Author Sheryl Sandberg hit the nail on the head when she said, “We cannot change what we are not aware of.” It’s true: no self-awareness, no growth. John Calvin understood this and famously began his Institutes of the Christian Religion with, “Our wisdom, in so far as it ought to be deemed true and solid wisdom, consists almost entirely of two parts: the knowledge of God and of ourselves.”
Calvin makes the claim that self-awareness is one of the two key variables necessary for Christian growth. But this pursuit must be balanced. Too much of an emphasis on self-awareness can make you big and everyone else (including God) small. Self-awareness should not make us self-absorbed, but more consumed with becoming the reflection of God’s image we were made to be. Self-awareness and tools that help raise it are not the end, but the means to cultivating a deeper union with God our Father.
The Enneagram first and foremost should point to the imago dei within, leading us to worship God for the ways each of our types reflect parts of His wholeness (Vancil, Marilyn. Self to Lose – Self to Find):
Type Ones: Goodness & Rightness
Type Twos: Love & Care
Type Threes: Hope & Radiance
Type Fours: Creativity & Depth
Type Fives: Wisdom & Truth
Type Sixes: Faithfulness & Courage
Type Sevens: Joy & Abundance
Type Eights: Power & Protection
Type Nines: Peace & Oneness
But the self-knowledge of the Enneagram should also lead to humility. We have all bought into the original lie that we can “be like God” because of our God-given gifts. We mistake the reflection for the reality. As a Type Three Achiever who displays God’s ability to get stuff done, this looks like refusing to slow down and rest, sacrificing others to get ahead, taking short cuts, and accepting the credit that God alone deserves when I do succeed. So the Enneagram is helpful in diagnosing the ways we try to hide our weaknesses.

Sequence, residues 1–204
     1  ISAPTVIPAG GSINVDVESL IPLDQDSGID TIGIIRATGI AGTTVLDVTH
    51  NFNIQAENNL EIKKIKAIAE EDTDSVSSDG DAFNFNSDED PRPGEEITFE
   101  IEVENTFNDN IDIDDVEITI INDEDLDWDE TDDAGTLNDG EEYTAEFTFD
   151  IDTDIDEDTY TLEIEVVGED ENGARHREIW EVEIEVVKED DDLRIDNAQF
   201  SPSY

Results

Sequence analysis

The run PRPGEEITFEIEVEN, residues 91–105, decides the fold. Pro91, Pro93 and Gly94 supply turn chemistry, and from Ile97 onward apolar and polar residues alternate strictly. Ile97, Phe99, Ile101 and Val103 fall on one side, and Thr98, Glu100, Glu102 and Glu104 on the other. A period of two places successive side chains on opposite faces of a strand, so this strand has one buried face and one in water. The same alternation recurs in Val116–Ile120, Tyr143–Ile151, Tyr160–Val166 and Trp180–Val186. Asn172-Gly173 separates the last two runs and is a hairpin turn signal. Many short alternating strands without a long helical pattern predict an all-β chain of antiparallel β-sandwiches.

Unlike other personality tests (like the Myers-Briggs or StrengthsFinder) that seek to describe only our characteristics, the Enneagram’s aim is to reveal our core needs—our weaknesses—driving our thinking, feeling, and behaving such as (Rohr, Richard. The Enneagram: A Christian Perspective):
Type Ones: The need to be perfect
Type Twos: The need to be needed
Type Threes: The need to succeed
Type Fours: The need to be special
Type Fives: The need to perceive
Type Sixes: The need to be secure
Type Sevens: The need to avoid pain
Type Eights: The need to be against
Type Nines: The need to avoid
Knowing our core need is very useful as it helps us to figure out what is motivating many of our life decisions. It reveals the God-substitutes we might be running toward to get our needs met and cover our failings. As Tim Keller points out, “The most profound kind of self-knowledge you can know is the particular strategies you have for running and hiding from God.”
As you’re beginning to see, the Enneagram is helpful because it makes general sins specific to us. I heard one pastor say that the Enneagram is useful for “sniper sanctification”: God can use the Enneagram to place the crosshairs on some of the root sins and strategies in our lives.
This all happens through the illumination of the Holy Spirit. It is the Holy Spirit, not self-awareness, that fuels sanctification. As the Apostle Paul said, even the most self-aware person in the world has “the desire to do what is right, but not the ability to carry it out.” Self-awareness is not enough; we need divine power.
The good news about being a Christ-follower is that we live our lives not by our willpower, but by God’s grace. Pastor John Fooshee, founder of Gospel Enneagram, teaches us that a Christian does not live for their perfection, acceptance, success, significance, wisdom, security, joy, strength, and peace but from Christ’s.
Lastly, the self-knowledge of the Enneagram is not meant to be reduced to a fun exercise, but to lead toward a healthy fear of the Lord. This is what led Franciscan Richard Rohr to write his ground-breaking Enneagram book over 30 years ago:
When I, Richard Rohr, first learned about the Enneagram in the early 1970s, it was one of the three great overwhelming spiritual experiences of my life. I could literally feel how something like scales fell from my eyes, and it became clear to me in a flash what I had previously been up to: I had always done the right thing (that’s a key concern for us ONEs)—but for false motives. It’s embarrassing to recognize and admit this. That is why the rule of thumb holds: If you don’t sense the whole thing as somehow humiliating, you haven’t yet found your number. The more humiliating it is, the more you are looking the matter right in the eye. Anyone who says, “It’s wonderful that I’m a THREE” is either not a THREE or hasn’t really understood how disastrous this pattern is.
Rohr’s use of the Enneagram is vastly different than many out there who use it for self-reinforcement only. The Enneagram should lead us to a fear of the Lord because the fear of the Lord is the beginning of all knowledge.